The St. Aloysius Color Guard was a military-style unit in the mid-1960s.
Aloysius Color Guard
From the book: “Color Guard. Prior to the activation of the school’s NJROTC unit, the St. Aloysius Band also included a Color Guard for presenting the American flag at football games, Carnival parades, and other events.” The unit consisted of a commander (left), two rifle escorts, and color bearers carrying the United States flag and the flag of the City of New Orleans. The 1966 Crusader yearbook staff shot this photo on the Esplanade Avenue neutral ground. Students in the unit are unidentified; if you know who these young men are, please let me know!
Band auxiliary to NJROTC
In 1967, the Brothers of the Sacred Heart announced an arrangement with the United States Navy to establish a Naval Junior Reserve Officers Training Corp (NJROTC) unit at St. Aloysius High School. Participation in the unit was mandatory for Crusaders in grades 10, 11, and 12. The school adopted the Navy’s khaki undress uniform for all grades.
When St. Aloysius and Cor Jesu merged to form Brother Martin High, the NJROTC unit moved to Elysian Fields. The band and the color guard adopted the NJROTC uniforms for public events. The band wore the NJROTC service dress blue uniform. This consisted of navy blue wool trousers and a double-breasted wool jacket, with six buttons. Band members wore a white, long-sleeved shirt and a black necktie with the suit. Their covers were a naval officers style “combination cap” with a white cover. Ranks were indicated by insignia on the jacket sleeves. Officers wore thin stripes near the jacket cuff. Chief Petty Officers wore a CPO-style insignia on the upper sleeve. The band’s Drum Major held the rank of Cadet Lieutenant, and the commander of the color guard was a Cadet Lieutenant (Junior Grade).
BMHS kept the NJROTC uniforms for the band through the 1975-76 school year.
Graduation 1970 took place in the Rivergate Convention Center on Canal Street.
Brother Jean Sobert, SC, Director of Student Activities, gives last-minute instructions at Graduation 1970. The Charter Class of Brother Martin High School graduated in May, 1970. The commencement exercises took place at the Rivergate. Brother Jean speaks to a member of the NJROTC Color Guard, who participated in the ceremony. Brother Mark Thornton, SC, presided over the commencement as the school’s first principal.
The Class of 1970 set the tone for the opening and initial growth of the school. There was a lot of disappointment and sadness at the end of the 1968-69 school year. The students at Cor Jesu and St. Aloysius closed their schools. The classes of 1969 moved on. The rising seniors, along with the underclassmen, gathered on Elysian Fields in August of 1969 to open the new school. Brother Mark worked hard to bring the student bodies together, moving back and forth between Cor Jesu and St. Aloysius, talking to those rising seniors. He brought students into the planning over that interim summer.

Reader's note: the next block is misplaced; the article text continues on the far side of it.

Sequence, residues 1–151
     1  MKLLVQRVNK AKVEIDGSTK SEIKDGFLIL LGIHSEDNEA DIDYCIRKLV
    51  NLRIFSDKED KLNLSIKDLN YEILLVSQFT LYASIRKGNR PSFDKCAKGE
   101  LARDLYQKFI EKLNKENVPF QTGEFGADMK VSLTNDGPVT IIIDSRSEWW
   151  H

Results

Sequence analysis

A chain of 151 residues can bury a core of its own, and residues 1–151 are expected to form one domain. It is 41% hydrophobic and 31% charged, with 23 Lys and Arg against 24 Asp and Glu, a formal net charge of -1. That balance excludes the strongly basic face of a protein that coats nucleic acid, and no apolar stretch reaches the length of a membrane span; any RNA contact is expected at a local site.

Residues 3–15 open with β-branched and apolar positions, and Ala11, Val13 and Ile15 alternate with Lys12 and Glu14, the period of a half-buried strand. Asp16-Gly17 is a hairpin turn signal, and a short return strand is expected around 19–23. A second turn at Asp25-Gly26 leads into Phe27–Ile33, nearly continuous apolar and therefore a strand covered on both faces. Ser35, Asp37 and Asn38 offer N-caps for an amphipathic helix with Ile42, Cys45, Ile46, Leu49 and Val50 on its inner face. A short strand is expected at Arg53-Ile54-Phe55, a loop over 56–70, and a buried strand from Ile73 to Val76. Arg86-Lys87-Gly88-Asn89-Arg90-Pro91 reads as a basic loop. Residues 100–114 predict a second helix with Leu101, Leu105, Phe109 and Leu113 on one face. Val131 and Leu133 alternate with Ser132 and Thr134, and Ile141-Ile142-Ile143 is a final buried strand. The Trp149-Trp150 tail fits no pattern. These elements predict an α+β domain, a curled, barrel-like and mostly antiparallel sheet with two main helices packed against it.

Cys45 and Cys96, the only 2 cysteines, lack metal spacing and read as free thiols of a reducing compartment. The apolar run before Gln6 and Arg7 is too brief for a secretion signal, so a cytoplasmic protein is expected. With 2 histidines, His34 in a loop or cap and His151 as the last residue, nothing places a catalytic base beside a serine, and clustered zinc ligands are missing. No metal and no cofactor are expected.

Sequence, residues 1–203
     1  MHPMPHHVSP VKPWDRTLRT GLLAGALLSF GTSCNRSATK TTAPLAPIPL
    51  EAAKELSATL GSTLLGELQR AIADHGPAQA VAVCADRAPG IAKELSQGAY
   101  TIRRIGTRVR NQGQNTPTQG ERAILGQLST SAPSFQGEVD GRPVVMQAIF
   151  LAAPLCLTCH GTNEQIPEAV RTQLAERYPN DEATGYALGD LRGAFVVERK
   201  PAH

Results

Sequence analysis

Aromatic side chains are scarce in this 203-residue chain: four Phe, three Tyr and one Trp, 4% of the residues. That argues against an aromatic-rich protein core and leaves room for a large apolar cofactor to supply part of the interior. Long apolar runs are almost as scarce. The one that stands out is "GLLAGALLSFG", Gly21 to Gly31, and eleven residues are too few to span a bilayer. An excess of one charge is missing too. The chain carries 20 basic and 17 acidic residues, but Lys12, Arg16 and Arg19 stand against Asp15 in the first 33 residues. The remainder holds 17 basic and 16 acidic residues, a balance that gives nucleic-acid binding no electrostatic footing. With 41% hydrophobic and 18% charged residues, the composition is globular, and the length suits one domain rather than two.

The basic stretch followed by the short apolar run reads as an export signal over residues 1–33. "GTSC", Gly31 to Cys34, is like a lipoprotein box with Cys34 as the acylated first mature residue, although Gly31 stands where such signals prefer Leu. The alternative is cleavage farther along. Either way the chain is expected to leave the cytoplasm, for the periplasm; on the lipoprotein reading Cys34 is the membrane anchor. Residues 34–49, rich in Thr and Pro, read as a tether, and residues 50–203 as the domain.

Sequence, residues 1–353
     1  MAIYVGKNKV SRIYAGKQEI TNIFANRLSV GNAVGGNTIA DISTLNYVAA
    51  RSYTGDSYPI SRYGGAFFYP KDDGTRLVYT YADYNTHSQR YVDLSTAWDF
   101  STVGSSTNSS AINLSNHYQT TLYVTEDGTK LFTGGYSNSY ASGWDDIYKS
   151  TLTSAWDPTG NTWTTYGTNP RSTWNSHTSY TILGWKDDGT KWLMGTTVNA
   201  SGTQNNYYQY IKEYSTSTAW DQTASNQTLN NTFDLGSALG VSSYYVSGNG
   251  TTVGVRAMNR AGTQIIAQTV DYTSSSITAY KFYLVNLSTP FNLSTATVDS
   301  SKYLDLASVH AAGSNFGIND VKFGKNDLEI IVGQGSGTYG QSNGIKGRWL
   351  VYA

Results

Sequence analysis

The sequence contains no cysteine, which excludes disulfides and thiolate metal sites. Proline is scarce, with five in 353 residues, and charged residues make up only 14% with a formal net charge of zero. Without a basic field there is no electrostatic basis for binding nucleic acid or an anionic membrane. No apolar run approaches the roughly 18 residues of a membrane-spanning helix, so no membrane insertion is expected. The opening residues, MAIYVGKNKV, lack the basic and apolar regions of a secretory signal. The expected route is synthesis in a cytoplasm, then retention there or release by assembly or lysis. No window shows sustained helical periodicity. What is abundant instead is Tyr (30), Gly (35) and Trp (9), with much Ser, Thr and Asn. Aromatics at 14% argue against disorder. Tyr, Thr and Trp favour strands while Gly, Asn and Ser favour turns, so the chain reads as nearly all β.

One of the biggest things that unified Brother Martin in those first years was success in athletics. The basketball team, led by Coach Andy Russo, brought state championships home that first year, and in the 1970-71 season as well. Those teams combined the athletes from both schools. The 1969-70 team not only won state, but was ranked at the top of several national polls at the end of the season. The gym, now named for Coach Bob Conlin, offered a great (if not a tad warm) facility for basketball games. The facility held the entire student body and faculty for Mass and other assemblies.
Athletic success blended the disparate faculties and student bodies almost completely by the Fall of 1971. That’s when the football team won the 4-A state championship. The final game pit the Crusaders against neighborhood rival, St. Augustine High School, at Tad Gormley.
With the combination of Cor Jesu and St. Aloysius, class size exceeded 300 in grades 9-12. (Eighth Grade was about 100 students.) The school required a larger facility for commencement. While St. Frances Cabrini Church, on Paris Avenue, was a lovely place for Cor Jesu commencements, even that facility would be crowded. The Rivergate Convention Center opened in 1968. It provided a location large enough to accommodate faculty, student body, parents and guests.